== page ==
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Beer #5 – January 5, 2010: Samuel Adams Winter Lager

January 5, 2010

Beer: Samuel Adams Winter Lager

Brewery: Boston Brewing Company, Boston, MA

Style: Bock / Spiced Lager

Serving Type: Bottle

Price: $6.99 – $7.99 / 6-pack

Availability: Winter Seasonal

Glassware: Shaker Pint

Strength: 5.8% ABV (alcohol by volume)

Drinkability: Easy to drink, but still interesting.

Tasting Notes

Appearance: It pours a beautiful coppery-orange, with a cream-colored foamy head.

Aroma: It smells of honey, orange peel, and faint notes of cinnamon and clove.

Mouthfeel: Medium body, with tiny bubbles of carbonation, resulting in a very full and creamy mouthfeel.

Taste: It starts with the sweetness of orange-blossom honey and sweet tea, but in this beer, the middle really dominates.  Full and rich caramel flavor from the malt melds with earthy flavors of sarsaparilla, ginger and cashew, with subtle spicing from cinnamon and clove.  The finish is refreshingly slightly drying.

Pairing: Sam Adams’ website suggests dessert pairings of both carrot cake and gingerbread.  I can imagine given the malty character and particular spices of this beer, these would both go quite well.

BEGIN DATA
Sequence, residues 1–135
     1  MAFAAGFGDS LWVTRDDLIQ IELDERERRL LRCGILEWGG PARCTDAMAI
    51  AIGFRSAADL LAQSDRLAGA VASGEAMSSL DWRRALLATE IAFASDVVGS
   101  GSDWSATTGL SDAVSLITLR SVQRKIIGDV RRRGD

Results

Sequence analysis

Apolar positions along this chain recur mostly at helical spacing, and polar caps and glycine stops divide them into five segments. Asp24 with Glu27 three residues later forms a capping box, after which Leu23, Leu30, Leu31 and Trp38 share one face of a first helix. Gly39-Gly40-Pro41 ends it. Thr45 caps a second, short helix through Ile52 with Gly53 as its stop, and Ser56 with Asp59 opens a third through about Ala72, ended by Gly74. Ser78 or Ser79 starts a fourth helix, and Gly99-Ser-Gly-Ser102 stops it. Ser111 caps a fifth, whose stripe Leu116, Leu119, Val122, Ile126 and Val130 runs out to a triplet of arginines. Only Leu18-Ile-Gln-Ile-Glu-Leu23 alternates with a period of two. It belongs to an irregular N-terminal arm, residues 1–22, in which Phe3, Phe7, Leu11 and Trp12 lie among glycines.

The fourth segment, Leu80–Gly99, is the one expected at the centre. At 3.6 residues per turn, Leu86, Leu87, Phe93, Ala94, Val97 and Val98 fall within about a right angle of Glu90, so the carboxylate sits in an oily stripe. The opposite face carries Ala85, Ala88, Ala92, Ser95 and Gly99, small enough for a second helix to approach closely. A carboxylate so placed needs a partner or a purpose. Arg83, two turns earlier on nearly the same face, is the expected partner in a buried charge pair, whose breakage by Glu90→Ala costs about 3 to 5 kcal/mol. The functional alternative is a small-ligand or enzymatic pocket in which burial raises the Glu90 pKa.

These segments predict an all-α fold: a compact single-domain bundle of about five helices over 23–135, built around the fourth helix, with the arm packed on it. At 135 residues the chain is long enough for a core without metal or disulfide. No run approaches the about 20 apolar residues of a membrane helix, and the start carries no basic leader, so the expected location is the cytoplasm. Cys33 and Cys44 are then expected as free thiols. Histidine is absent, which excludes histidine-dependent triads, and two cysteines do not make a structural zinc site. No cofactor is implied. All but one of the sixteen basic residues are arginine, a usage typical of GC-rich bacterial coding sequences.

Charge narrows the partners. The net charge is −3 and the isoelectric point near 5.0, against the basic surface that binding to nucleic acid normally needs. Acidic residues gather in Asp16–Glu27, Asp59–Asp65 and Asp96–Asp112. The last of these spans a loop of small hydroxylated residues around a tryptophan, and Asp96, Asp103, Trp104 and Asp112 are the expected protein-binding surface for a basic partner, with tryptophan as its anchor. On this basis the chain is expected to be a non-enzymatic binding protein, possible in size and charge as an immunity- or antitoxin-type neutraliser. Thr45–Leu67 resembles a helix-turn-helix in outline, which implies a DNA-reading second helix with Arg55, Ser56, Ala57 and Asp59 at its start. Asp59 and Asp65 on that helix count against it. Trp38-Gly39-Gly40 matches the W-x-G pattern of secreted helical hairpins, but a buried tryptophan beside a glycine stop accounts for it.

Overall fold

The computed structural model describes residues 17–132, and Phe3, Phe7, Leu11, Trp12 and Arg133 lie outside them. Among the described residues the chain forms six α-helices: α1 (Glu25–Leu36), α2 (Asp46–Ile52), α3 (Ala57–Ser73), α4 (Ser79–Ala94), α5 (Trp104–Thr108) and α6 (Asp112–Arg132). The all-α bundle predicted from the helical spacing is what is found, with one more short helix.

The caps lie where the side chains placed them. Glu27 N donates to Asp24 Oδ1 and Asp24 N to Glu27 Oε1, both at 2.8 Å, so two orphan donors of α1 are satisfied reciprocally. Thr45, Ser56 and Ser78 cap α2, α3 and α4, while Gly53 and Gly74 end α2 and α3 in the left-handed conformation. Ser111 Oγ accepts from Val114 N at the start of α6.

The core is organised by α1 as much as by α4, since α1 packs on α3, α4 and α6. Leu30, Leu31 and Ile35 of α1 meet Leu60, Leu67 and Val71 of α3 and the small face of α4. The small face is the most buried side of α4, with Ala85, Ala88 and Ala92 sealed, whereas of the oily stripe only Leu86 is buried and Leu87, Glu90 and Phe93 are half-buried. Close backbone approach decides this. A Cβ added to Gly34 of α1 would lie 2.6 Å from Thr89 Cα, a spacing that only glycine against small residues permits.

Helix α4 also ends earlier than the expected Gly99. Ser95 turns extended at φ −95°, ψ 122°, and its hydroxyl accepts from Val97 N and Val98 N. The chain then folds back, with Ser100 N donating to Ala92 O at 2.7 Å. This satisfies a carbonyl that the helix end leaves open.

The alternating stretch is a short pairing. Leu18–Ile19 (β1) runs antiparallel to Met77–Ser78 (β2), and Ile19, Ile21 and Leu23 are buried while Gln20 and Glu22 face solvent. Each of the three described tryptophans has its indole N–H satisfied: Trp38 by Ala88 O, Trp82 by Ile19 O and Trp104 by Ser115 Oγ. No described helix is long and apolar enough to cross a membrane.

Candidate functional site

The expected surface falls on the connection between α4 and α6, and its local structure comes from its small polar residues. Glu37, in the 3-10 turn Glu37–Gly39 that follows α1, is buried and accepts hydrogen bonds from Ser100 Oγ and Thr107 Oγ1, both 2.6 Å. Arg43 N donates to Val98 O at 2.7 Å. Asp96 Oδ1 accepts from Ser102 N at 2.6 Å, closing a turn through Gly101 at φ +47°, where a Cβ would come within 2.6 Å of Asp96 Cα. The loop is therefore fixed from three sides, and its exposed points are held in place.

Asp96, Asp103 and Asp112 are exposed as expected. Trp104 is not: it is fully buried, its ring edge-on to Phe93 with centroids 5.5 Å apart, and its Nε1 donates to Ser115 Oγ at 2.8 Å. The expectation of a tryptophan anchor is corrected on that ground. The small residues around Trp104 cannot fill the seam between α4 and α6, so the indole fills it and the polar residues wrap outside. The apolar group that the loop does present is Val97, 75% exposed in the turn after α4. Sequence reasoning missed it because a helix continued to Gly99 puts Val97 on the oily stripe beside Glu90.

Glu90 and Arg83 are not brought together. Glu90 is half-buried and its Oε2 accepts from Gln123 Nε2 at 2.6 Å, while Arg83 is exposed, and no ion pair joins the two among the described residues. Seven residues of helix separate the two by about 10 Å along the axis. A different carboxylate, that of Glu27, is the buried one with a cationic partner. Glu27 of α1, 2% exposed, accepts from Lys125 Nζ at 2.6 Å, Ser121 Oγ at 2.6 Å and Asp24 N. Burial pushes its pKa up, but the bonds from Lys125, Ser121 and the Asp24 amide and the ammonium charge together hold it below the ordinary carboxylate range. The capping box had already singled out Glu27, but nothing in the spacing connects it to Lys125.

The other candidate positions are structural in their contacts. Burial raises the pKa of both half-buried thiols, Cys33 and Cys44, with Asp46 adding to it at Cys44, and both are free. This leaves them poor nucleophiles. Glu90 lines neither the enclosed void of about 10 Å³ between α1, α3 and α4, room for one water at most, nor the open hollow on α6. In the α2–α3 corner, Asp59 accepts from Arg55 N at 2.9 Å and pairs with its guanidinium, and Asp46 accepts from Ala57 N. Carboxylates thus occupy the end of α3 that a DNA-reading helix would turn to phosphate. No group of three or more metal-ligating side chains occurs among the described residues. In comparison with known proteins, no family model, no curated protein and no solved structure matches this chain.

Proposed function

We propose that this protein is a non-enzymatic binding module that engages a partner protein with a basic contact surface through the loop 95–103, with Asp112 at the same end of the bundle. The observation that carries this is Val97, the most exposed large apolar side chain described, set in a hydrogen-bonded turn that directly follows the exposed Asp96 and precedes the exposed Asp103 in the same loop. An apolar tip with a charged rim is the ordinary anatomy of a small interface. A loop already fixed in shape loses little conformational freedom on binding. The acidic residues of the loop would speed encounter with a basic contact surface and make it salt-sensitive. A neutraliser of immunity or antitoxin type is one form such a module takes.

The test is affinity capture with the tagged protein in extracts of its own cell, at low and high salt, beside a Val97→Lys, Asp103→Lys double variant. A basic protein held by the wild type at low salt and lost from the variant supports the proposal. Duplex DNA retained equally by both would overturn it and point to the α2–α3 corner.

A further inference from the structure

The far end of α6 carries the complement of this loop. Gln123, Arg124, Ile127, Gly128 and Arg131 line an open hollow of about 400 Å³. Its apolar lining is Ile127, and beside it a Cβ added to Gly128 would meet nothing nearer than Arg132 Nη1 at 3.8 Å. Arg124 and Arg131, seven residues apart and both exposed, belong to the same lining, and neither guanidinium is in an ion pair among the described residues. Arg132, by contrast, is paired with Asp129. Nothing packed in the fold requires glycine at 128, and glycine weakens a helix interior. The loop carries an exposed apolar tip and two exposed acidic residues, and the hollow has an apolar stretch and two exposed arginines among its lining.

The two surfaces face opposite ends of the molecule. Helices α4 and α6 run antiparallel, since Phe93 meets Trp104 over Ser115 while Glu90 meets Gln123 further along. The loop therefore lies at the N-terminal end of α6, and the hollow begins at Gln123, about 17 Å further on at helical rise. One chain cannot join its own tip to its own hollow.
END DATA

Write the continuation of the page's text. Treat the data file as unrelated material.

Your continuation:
Trivia: The namesake of Samuel Adams beer was an 18th century “Founding Father” from Massachusetts.  After a lack of success in business on his own, he was made partner in his family’s malthouse.  While he made the raw ingredients for beer as a maltster, he was most likely never actually a brewer.

Other Founding Fathers had their ties to beer as well.  Thomas Jefferson maintained a brewing room and beer cellar at his home, Monticello, in Virginia.  And George Washington was quite fond of Porter, though as a true patriot, refused to buy any of British origin, and encouraged the brewing industry in the newly founded United States.

Of course, it was more likely that the Founding Mothers were the brewers in the family.  While commercial breweries did exist, most brewing (and drinking) was done at home.  Home brewing was typically a chore typically taken on by the female head of the household in the colonial era. 

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